With SCOOP 2019 complete, it’s time to get back to the daily grind. Whatever your game of choice, you can make a good start with the help of some new content from PokerStars School.

This week:

How to avoid common MTT mistakes
Hold your own heads-up with aggressive opponents
Learn to play strong poker without the initiative

Avoid these 10 common MTT mistakes

Plenty of poker players exhibit the potential to perform well in multi-table tournaments, yet they never seem to break through and enjoy consistent success. In most of those cases the cause is easy to identify: they’re far too restless when they sit down to play.

If you’re too restless you’ll find yourself taking unnecessary risks — and quite possibly missing on a big win as a result.

“Being a successful MTT player requires the resilience of a cockroach and the patience of a monk,” writes Pete Clarke. “It is like knocking on a hundred doors until one finally opens. As big cashes come around fairly rarely, particularly in events with large fields, it can at times feel a bit like playing the lottery for hours on end. The natural reaction to this is a restless discomfort that causes the player to try to force his way to that massive stack.”

Clarke walks you through nine more of the most common MTT player mistakes, including burnout, fear of not cashing, poor risk selection, and failure to steal often enough. Read the full list, begin avoiding these common errors, and watch your results improve over the long term.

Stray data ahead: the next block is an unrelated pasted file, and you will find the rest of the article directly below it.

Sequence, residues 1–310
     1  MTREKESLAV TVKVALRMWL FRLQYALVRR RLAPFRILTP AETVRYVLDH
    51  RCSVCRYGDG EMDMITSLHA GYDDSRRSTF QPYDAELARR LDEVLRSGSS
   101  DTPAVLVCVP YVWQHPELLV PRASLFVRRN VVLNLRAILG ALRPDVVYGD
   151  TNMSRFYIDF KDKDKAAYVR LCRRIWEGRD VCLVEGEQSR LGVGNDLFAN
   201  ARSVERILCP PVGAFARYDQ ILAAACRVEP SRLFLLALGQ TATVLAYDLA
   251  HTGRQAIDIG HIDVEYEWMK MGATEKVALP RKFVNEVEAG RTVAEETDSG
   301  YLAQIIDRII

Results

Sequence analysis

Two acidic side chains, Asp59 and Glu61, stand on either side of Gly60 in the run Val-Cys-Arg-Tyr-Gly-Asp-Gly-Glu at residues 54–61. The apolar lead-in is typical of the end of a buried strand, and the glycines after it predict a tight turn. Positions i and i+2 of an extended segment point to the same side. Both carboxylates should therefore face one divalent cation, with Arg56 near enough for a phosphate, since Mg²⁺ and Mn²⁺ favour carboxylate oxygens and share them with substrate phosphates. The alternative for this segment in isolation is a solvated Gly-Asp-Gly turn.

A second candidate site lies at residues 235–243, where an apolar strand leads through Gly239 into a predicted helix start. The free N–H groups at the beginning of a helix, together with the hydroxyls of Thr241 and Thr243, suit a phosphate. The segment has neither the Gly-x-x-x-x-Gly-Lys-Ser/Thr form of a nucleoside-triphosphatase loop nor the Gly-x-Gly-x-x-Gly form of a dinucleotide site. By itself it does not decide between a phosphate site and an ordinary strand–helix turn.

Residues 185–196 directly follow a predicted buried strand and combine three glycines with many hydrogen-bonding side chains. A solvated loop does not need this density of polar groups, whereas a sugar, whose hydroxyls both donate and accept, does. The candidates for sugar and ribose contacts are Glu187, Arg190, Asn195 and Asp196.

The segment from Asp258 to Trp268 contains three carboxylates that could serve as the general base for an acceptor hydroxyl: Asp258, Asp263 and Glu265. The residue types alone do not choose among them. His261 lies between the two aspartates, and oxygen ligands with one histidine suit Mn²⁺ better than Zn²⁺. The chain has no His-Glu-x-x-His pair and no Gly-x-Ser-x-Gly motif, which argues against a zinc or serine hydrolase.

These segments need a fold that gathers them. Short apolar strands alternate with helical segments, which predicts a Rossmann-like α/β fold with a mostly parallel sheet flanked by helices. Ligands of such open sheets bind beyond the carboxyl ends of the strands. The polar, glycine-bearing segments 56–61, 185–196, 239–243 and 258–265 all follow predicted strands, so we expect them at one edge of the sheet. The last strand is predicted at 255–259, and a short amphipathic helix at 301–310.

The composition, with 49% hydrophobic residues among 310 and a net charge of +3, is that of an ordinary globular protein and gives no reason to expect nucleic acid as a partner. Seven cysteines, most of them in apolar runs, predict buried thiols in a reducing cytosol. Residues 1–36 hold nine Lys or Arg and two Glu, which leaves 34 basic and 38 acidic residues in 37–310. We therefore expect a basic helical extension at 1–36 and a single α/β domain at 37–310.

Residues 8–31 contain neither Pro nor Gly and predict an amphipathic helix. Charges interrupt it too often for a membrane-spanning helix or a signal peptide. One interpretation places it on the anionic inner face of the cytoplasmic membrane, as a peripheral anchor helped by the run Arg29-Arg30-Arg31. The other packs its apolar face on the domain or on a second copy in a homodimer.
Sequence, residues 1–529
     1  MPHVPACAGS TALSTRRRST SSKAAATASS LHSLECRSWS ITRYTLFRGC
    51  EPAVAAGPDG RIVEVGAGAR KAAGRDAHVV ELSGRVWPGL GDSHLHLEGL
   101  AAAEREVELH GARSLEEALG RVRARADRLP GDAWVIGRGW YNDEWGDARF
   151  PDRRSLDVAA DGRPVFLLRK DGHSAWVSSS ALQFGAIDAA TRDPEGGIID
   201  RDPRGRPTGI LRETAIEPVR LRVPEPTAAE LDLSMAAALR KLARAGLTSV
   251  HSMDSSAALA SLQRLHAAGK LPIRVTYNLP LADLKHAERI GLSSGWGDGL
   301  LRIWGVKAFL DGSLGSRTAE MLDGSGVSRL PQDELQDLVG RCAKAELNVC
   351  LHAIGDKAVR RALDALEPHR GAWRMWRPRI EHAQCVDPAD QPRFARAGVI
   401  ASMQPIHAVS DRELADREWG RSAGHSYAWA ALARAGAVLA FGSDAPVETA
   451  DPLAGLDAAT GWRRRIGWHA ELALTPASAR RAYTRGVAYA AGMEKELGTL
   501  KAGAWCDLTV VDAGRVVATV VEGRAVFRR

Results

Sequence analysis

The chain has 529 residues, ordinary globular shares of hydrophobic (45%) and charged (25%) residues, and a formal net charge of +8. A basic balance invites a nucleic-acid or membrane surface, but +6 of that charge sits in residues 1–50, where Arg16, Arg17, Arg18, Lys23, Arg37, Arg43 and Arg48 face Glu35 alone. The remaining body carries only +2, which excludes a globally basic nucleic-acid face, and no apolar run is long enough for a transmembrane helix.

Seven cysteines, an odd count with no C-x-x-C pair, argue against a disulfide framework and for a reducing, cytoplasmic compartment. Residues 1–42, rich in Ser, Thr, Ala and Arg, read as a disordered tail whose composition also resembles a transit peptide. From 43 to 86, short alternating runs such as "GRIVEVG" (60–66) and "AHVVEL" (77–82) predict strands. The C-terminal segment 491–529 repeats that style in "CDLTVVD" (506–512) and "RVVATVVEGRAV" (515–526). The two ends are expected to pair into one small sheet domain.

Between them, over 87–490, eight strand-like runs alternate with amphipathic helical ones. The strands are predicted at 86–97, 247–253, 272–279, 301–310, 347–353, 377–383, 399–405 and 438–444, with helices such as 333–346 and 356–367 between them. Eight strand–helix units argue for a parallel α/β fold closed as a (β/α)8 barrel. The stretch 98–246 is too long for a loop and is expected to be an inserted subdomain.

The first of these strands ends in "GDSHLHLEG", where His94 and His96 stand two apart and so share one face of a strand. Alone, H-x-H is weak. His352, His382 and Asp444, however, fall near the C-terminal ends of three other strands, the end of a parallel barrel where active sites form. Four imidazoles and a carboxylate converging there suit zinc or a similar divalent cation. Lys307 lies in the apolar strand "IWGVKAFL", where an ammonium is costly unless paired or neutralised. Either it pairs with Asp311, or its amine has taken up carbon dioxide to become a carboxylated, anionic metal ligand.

Hold your own against aggressive heads-up opponents

Heads-up poker is always tough against an aggressive opponent. But not all aggressive opponents play the same. Luckily for you, OP Poker’s James Mackenzie is here to help.

OP-Poker James shows you how to handle two different kinds of aggressive heads-up opponent

Over the course of 45 minutes in the two latest videos in his “Heads Up Poker” series, Mackenzie adapts his strategies to his opponents’ approach.

First he plays a $3.50 heads-up sit & go tournament, where he encounters a fast-aggressive opponent. Then he steps up to $7 level, where he says you’ll commonly run into strong amateur players and the occasional semi-pro, and takes on a tight-aggressive opponent. It’s a great chance to learn from watching a strong heads-up player in real-world situations.

Playing strong poker whatever your position

“Let’s face it, when we first start out in poker, it is no fun to play the role of the defender,” writes Pete Clarke. Calling a pre-flop raise or re-raise can make things get uncomfortable fast. Situations like these are known as playing “without the initiative.”

Knowing what to do when you don’t have the initiative can be the difference between winning and losing.

Playing without the initiative doesn’t have to be overly complicated, though. Learning the basics of when to check, when to bet, and when to lie in wait with a check-raise is as easy as clicking through to Clarke’s latest poker strategy article.

It’s always good to see theory put into practice, which makes the latest video from OP Poker’s Nick Walsh a perfect complement to Clarke’s article. When the situation calls for it, a check-raise can be a potent weapon to boost your profits. Walsh delves into the theory of when and why to check-raise in this nine-minute video.

With Clarke’s and Walsh’s advice in mind, you’ll find it a lot easier to know what to do when your opponent has the initiative.

Other new PokerStars School content you might enjoy

• Question of the Week: What is your favorite poker hands and why?
• Strategy: Taking advantage of players that limp pre-flop
• Winners Wall: A Toast to Blair

Open a PokerStars account today and start learning from PokerStars School. Click here to get started, and then click here to register for PokerStars School.


Jason has covered poker since 2005. He lives in Washington state with his wife and three dogs.

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